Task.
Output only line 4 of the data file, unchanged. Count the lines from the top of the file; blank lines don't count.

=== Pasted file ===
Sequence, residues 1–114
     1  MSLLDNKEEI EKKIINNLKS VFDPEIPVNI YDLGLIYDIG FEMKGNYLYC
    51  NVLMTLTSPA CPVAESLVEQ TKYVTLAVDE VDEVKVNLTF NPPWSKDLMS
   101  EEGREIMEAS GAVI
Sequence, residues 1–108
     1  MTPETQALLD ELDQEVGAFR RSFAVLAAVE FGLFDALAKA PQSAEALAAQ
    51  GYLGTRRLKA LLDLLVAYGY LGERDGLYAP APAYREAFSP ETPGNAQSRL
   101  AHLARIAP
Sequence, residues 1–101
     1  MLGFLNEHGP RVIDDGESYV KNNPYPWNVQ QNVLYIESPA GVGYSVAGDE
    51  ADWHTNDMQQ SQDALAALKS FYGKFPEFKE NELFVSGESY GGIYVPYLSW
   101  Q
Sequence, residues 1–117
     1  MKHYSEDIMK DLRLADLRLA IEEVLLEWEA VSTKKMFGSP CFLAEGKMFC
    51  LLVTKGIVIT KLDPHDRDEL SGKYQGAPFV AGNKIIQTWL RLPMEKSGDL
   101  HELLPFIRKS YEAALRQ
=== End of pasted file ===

   101  EEGREIMEAS GAVI